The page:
Rebetika / Rembetika

REBETIKA music (also spelled REMBETIKA) is sometimes called “the Greek Blues”. Now considered quintessentially Greek, rebetika’s roots are diverse. It is a fusion of Middle Eastern, Anatolian, Balkan, Jewish, Irish, and traditional Greek folk music. It incorporates sophisticated, syncopated dance rhythms, draws upon modal scales, Byzantine chant as well as popular musical hall and operetta styles of the day.

The amalgam came about from the diversity of the rebetika musicians of the 1920’s and 30’s themselves who met, jammed and wrote songs in the slums of urban Greece about their lives – about love, sorrow and hashish. CAFÉ REBETIKA! is set during the 1930’s – sometimes referred to as the Golden Age of rebetika.

While CAFÉ REBETIKA! is not a documentary and the characters are fictional, the events that occur in the play are true. CAFÉ REBETIKA! takes place primarily in later part of 1936, in Piraeus, the port city of Athens. By this time, Piraeus and its slum suburbs had absorbed an enormous influx of refugees– mostly of Greek Orthodox faith, brutally forced out of Turkey, including Smyrna (Izmir) in The Great Catastrophe of 1922 and then ostracised as scum by the homeland Greeks.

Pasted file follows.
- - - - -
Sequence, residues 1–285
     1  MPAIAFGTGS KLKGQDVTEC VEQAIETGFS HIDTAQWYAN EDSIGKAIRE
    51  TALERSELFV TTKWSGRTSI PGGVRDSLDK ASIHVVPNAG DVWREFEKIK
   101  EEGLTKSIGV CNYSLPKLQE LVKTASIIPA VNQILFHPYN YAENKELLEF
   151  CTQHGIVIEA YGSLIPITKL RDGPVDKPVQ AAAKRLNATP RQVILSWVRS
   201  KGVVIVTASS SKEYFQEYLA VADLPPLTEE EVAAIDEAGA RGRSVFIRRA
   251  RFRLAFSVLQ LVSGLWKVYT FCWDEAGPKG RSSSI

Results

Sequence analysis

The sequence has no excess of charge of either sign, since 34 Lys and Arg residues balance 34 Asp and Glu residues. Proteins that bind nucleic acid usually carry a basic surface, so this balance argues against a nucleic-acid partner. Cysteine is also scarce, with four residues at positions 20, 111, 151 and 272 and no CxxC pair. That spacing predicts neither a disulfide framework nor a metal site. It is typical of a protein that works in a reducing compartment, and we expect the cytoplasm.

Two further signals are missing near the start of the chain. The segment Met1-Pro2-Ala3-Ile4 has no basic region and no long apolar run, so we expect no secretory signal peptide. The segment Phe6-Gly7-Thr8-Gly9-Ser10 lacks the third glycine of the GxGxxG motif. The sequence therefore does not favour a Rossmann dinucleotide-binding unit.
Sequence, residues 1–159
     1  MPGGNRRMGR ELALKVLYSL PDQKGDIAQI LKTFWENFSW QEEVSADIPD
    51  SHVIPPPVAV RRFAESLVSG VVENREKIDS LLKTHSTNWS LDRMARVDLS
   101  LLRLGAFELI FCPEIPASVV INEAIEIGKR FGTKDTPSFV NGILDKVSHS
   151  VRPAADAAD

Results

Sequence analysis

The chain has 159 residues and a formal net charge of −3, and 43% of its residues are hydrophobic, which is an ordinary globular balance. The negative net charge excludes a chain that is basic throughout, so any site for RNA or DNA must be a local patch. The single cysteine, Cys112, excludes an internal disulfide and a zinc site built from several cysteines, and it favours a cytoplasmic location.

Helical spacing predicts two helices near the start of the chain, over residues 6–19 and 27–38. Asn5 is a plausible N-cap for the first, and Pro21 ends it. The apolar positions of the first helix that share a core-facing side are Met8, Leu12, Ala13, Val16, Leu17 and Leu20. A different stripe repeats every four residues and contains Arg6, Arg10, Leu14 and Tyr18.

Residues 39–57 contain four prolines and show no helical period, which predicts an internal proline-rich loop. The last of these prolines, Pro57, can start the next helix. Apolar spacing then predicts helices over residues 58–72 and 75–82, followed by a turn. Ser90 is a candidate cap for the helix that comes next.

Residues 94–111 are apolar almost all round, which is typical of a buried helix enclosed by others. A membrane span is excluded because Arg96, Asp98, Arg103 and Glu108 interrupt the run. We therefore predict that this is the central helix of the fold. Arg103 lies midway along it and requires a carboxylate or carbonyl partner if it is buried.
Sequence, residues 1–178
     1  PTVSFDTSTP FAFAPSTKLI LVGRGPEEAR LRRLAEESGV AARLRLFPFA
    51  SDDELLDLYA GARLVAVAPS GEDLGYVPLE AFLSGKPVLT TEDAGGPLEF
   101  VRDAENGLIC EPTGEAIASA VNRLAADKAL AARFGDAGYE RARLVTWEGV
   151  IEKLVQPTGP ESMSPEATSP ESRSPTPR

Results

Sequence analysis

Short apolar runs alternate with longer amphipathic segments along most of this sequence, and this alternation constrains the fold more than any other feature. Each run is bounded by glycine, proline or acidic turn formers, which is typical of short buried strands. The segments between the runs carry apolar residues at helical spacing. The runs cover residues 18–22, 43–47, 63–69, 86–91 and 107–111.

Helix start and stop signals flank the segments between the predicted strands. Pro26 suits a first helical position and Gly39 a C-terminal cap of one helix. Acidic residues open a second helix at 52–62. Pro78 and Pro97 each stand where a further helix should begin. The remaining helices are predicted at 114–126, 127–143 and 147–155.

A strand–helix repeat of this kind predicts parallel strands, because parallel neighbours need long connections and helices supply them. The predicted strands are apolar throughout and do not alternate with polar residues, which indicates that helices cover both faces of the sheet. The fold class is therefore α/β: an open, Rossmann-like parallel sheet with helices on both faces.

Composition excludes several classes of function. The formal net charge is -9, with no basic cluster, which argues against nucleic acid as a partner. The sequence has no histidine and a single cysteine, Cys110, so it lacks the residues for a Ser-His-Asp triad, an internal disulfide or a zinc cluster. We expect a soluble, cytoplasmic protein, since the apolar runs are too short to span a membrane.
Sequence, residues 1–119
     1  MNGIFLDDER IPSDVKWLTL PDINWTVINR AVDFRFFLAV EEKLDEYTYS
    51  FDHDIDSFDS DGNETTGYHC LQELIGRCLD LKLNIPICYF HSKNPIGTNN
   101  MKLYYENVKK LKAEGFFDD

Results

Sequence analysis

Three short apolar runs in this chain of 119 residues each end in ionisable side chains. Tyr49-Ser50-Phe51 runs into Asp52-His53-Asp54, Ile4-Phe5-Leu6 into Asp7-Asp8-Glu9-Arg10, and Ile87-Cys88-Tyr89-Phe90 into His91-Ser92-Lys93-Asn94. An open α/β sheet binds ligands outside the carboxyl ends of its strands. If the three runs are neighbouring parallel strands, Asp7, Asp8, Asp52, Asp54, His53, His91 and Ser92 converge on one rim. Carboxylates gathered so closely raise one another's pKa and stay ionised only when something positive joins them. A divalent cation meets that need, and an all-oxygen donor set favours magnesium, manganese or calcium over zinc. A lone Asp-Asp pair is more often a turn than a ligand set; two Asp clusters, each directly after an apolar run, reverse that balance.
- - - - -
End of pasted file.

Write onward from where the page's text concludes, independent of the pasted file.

Many refugees were better educated, more cultured and had been more affluent than those who rejected them. General Metaxas seized control of Greece in 1936, outlawed rebetika music (including playing the bouzouki at all) and set out to shut down the hash dens and incarcerate drug users, manges and the rest of the “low life”. At the same time, rebetika music was becoming increasingly popular (both despite and because of the ban) and record companies (including Capitol and HMV) were cashing in on it. Some musicians started to make good money and even toured.

Communism and the Unionist movement were gaining momentum and were also targets of the Metaxas crackdown.

While specifically about this time and place, CAFÉ REBETIKA! seeks to explore the universal nature of the issues of displacement, the loss of family and home and how the smallest kindnesses can be the most profound acts.